No special drivers are installed for the audio editing program and no sound card is needed: the recorder is used both as input and output device. This of course also means that if you want to play a file from your harddisk, you need to attach the recorder. For the backup program (or at least the "unreleased DOS version" that you can download here) the DCC.SYS driver is loaded which is similar to other Shuttle Technologies drivers for printerport-attached SCSI controllers. Actually, when you connect the DCC-Link cable, it will report itself as a plug-and-play device and Windows will ask you to install a driver, but don't bother looking for one: it was never made.

Is it possible to build a PC-link cable myself?

Short answer: No.

Slightly longer answer: The cable is not just a connection cable; the printer port connector contains some electronics including two custom-made chips. Apparently the cable simulates a SCSI tape drive, but not exactly. Waling Tiersma and I made a start on reverse-engineering the DCC.SYS device driver included in the DCC-backup program for DOS but because of time constraints we didn't get very far. Contact me for more information.

How does DCC compare as a backup-storage medium to other formats?

I don't use the backup program because it would be too slow and tapes wouldn't fit enough data for my needs (also the backup program crashes on my machine) so I don't know this one.

[I should add some numbers from the backup docs here -JG]

What are the audio editing capabilities of the DCC-175?

The DCC-Studio audio editing program has the following capabilities:

  • Normal recorder functions: the computer controls the recorder while it's connected; the files on the harddisk can be played back too, and you can also record directly from the analog or digital inputs without recording to tape first. So even if Philips stops making tapes, you'll still be okay if you happen to own a PCA11DC: you can always record to harddisk. I also used a CD-recorder to make a CD-ROM with some DCC tracks on it. You can fit almost 5 hours of PASC on a CD-ROM.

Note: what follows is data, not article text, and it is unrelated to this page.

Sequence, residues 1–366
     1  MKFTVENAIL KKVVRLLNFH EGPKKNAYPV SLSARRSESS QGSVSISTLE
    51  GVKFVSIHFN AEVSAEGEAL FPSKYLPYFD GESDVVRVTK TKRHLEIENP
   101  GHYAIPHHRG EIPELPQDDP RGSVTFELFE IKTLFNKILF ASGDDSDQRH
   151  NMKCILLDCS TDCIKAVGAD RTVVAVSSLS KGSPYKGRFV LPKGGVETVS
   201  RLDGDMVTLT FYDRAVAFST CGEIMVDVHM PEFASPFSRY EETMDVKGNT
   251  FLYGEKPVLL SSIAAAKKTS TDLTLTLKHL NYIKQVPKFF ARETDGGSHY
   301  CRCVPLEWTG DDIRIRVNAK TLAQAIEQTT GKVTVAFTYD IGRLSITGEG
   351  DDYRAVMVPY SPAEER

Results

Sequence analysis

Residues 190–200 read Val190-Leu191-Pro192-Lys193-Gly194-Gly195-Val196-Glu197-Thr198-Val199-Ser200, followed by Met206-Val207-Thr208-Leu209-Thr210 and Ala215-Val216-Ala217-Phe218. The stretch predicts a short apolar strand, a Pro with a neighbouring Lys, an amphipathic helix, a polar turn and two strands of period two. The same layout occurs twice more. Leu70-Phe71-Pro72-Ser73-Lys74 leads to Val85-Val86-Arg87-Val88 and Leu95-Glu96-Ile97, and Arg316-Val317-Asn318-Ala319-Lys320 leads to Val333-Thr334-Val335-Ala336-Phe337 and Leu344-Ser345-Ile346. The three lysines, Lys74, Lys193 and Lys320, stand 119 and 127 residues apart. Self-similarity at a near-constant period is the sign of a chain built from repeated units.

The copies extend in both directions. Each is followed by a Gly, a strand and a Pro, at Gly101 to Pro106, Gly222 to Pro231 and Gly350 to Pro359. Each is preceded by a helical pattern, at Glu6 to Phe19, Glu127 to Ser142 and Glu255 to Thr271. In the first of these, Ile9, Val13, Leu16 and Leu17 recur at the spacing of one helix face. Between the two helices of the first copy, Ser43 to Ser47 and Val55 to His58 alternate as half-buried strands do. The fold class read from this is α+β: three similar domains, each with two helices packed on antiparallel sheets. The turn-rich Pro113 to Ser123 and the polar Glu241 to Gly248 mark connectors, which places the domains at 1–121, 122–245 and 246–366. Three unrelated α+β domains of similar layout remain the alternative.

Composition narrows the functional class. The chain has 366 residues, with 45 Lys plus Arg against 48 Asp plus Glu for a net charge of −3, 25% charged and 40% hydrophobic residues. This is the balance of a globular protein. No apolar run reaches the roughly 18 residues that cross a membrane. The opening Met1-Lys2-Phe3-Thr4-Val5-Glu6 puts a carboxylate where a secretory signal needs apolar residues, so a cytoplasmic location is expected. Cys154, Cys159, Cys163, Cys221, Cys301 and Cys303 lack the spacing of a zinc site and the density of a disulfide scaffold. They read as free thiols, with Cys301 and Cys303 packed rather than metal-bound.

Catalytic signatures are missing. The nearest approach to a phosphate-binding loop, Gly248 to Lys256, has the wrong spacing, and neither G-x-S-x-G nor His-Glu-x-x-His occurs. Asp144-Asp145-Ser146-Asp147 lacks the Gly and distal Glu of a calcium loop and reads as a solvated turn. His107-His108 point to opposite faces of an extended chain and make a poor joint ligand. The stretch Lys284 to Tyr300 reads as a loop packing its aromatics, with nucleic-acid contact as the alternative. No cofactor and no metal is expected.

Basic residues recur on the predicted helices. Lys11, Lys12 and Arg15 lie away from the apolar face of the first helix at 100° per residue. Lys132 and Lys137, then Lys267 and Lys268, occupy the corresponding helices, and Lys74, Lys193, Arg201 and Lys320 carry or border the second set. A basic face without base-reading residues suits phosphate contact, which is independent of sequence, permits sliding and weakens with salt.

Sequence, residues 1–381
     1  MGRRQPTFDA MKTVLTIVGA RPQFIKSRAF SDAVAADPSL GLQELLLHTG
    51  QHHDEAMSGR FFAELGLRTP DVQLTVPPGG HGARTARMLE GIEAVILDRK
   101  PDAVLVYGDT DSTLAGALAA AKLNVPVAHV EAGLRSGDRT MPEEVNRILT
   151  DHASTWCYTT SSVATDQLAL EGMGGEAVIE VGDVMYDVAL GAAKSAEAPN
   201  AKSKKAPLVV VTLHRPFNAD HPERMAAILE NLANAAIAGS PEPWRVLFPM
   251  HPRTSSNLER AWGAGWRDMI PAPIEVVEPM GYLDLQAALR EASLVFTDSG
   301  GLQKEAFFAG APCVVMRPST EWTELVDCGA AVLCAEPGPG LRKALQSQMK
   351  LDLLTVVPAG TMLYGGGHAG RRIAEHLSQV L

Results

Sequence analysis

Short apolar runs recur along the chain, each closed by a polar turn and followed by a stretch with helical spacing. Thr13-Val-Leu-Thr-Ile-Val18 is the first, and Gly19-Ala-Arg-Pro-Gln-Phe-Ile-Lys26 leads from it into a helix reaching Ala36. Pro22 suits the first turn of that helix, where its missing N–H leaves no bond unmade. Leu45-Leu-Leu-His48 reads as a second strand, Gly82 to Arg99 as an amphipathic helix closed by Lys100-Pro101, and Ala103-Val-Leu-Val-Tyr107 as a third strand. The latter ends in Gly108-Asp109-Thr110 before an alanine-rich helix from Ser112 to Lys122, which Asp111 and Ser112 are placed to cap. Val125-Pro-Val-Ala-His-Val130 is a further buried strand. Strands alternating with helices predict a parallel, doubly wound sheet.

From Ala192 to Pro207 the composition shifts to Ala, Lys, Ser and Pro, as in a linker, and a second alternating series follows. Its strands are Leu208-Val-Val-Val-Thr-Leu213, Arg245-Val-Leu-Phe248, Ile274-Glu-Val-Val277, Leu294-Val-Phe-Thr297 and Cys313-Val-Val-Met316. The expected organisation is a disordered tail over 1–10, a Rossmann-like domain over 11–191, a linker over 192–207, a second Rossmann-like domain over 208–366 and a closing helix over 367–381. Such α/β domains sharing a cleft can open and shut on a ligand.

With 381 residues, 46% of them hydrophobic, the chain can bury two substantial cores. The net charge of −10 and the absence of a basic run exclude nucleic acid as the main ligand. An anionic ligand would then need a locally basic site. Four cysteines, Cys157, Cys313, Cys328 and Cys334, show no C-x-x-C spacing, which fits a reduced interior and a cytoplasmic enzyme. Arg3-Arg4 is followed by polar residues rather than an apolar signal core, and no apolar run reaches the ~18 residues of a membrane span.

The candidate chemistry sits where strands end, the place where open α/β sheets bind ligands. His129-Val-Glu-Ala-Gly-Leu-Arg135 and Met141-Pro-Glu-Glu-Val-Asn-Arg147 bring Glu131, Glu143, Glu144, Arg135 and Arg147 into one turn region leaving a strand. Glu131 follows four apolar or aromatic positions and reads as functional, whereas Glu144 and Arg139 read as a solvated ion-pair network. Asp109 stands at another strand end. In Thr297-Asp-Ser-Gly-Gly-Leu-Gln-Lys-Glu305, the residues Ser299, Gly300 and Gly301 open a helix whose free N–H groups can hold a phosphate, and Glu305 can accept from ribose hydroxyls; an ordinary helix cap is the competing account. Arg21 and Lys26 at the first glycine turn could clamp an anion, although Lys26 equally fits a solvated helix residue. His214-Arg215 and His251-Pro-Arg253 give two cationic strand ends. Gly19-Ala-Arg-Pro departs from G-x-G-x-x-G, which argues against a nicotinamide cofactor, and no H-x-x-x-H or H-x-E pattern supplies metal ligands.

• Recording audio from tape to disk and back; when recording audio to disk or vice versa, the program uses a synchronous-start mechanism: the program makes sure that no audio gets lost at the start of a recording, whether it be from harddisk to tape or vice versa (something that is hard to achieve when using just audio equipment). On disk, each track has a title and an artist name that you fill in after recording it. You work with these names, not with the real file names which look like AF000002.MPP. For this reason, the fact that the program is 16 bits and doesn't support long filenames, is not a big problem.
  • Editing audio: the waveform editor cannot actually edit the form of the wave but you can cut and paste fragments of audio into each other (i.e. insert it; there's no way of mixing it) and it has an equalizer and volume changer. You can select and play fragments of a waveform and put markers in them which you can give names in order to find fragments within audio tracks (the markers are not transferred to tape but they are stored on disk). Editing audio is done on a non-destructive basis: on the disk an audio track may consist of many separate fragments in different recordings (you have the option of combining all fragments to one file though) but this is transparent to the user because the program uses a kind of index file that records the file name and the start and end of each fragment. That way, editing audio goes really fast, even if you're happily cutting and pasting around in huge files. The UnDo stack seems to be infinite.